Scientists discovered this history of black hole eruptions by studying NGC 5813, a group of galaxies about 105 million light years from Earth. These Chandra observations are the longest ever obtained of a galaxy group, lasting for just over a week. The Chandra data are shown in this new composite image where the X-rays from Chandra (purple) have been combined with visible light data (red, green and blue).

Posted By chandra read more

The Great and the Small: Is Quantum Foam Losing its Fizz?

May
28
Eric Perlman
Eric Perlman

We are very pleased to welcome Eric Perlman as a guest blogger today. He led the study setting limits on the foaminess of space-time that is the subject of our latest press release. Eric is a professor at the Florida Institute of Technology. After completing his PhD in 1994 at the University of Colorado, he held postdoctoral fellowships at the Goddard Space Flight Center and Space Telescope Science Institute. He also held research positions at Johns Hopkins University and the University of Maryland, Baltimore County. He has lived in Florida for 8 years and enjoys his family, singing, and playing chess and other board games.

Astronomy has been a tool of discovery since the dawn of civilization. For thousands of years, humans used the stars to navigate and find their place in the universe. Astronomy made possible the travels of the ancient Polynesians across the Pacific Ocean as well as measurements of the Earth’s size and shape by the ancient Greeks. Today, astronomers search for hints about what the universe was like when the universe was much younger. So imagine, for a second, what life would be like – and how much less we would know about ourselves and the universe – if the microscopic nature of space-time made some of these measurements impossible.

Posted By chandra read more

NASA Telescopes Set Limits on Space-time Quantum Foam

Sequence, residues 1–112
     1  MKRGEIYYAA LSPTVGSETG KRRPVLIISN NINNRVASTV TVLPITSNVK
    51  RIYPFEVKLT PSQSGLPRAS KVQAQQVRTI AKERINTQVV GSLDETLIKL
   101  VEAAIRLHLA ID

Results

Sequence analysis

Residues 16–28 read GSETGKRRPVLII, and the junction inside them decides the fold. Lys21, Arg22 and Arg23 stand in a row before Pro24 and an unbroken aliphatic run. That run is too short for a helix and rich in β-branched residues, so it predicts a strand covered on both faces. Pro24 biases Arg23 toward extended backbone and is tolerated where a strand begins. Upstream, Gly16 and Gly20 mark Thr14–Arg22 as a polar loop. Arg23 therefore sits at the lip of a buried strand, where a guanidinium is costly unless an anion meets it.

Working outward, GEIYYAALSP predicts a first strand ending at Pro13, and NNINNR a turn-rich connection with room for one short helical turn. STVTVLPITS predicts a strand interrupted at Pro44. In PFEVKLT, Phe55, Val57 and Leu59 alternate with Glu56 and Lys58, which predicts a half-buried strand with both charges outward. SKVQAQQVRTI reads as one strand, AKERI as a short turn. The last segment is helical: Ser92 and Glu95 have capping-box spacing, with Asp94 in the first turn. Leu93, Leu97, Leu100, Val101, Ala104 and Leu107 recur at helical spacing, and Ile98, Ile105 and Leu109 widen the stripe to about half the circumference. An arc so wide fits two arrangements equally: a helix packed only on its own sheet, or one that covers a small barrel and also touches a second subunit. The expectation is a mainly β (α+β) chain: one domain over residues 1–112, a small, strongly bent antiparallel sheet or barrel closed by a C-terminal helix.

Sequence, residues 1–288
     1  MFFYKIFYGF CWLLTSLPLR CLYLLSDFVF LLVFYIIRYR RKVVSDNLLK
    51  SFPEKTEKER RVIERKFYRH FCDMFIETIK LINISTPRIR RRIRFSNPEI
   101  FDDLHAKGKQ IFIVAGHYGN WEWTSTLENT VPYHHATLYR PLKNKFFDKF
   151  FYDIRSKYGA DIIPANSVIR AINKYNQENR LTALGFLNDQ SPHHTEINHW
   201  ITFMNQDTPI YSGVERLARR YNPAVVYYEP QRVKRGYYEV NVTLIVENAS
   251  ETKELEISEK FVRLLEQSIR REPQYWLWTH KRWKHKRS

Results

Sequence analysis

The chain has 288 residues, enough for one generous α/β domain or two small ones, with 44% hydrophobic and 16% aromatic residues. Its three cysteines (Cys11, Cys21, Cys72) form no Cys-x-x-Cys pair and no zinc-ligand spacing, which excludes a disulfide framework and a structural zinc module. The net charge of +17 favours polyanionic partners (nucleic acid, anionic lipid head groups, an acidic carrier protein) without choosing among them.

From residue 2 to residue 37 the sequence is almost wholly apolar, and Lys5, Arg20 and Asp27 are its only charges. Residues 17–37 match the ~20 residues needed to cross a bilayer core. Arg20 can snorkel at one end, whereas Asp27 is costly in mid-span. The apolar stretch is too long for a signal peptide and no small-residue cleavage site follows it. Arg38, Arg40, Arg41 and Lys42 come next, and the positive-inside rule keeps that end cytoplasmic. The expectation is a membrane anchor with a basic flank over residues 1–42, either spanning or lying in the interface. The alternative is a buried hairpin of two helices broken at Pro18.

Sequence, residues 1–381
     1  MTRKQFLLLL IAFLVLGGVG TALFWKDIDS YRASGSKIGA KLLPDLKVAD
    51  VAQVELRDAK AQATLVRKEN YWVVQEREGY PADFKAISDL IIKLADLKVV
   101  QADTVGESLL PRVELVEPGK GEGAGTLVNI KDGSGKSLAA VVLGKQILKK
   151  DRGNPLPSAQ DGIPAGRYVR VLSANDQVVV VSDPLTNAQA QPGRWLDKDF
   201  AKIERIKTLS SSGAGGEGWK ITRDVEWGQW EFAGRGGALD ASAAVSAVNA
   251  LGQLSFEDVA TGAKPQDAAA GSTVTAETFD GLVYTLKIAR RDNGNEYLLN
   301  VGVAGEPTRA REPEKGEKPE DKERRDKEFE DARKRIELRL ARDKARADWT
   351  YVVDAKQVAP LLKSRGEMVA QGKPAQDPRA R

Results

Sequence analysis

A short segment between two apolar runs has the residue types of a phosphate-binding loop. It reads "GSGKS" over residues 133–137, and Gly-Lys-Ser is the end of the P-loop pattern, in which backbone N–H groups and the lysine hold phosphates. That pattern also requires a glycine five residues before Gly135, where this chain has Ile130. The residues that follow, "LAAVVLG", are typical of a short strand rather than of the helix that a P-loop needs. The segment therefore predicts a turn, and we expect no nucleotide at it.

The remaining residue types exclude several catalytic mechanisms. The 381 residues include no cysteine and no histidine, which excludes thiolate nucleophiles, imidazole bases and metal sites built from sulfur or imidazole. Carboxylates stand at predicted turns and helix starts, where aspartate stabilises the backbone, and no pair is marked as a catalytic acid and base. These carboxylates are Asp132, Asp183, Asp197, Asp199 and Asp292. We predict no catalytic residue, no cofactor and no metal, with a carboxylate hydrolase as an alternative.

May
28

quantum
A new study combining data from NASA's Chandra X-ray Observatory and Fermi Gamma-ray Telescope, and the Very Energetic Radiation Imaging Telescope Array (VERITAS) in Arizona is helping scientists set limits on the quantum nature of space-time on extremely tiny scales, as explained in our latest press release.

Certain aspects of quantum mechanics predict that space-time - the three dimensions of space plus time -- would not be smooth on the scale of about ten times a billionth of a trillionth of the diameter of a hydrogen atom's nucleus. They refer to the structure that may exist at this extremely small size as "space-time foam." This artist's illustration depicts how the foamy structure of space-time may appear, showing tiny bubbles quadrillions of times smaller than the nucleus of an atom that are constantly fluctuating and last for only infinitesimal fractions of a second.

Posted By chandra read more

Light: Beyond the Bulb at Puerto Rico

May
20

During the month of April 2015 the Chandra exhibit "Light: Beyond the Bulb" for the International Year of Light was displayed at the main library of the University of Puerto Rico (UPR) and impacted many hundreds of visitors. The exhibit was announced to the public using different media with the support of the Communications Office at the UPR. Dr. Gloria Isidro (Caribbean University) organized special talks at Caribbean University of Bayamón in which hundreds of students, faculty and staff participated (April 8th and 9th, 2015). These talks included a description of the goals of the International Year of Light 2015, announced the exhibit of images at the University of Puerto Rico during the month of April and showed a video of the "Light: Beyond the Bulb" exhibit.

Posted By chandra read more

Pages

Subscribe to ChandraBlog | Fresh Chandra News RSS
Disclaimer: This service is provided as a free forum for registered users. Users' comments do not reflect the views of the Chandra X-ray Center and the Harvard-Smithsonian Center for Astrophysics.
Please note this is a moderated blog. No pornography, spam, profanity or discriminatory remarks are allowed. No personal attacks are allowed. Users should stay on topic to keep it relevant for the readers.
Read the privacy statement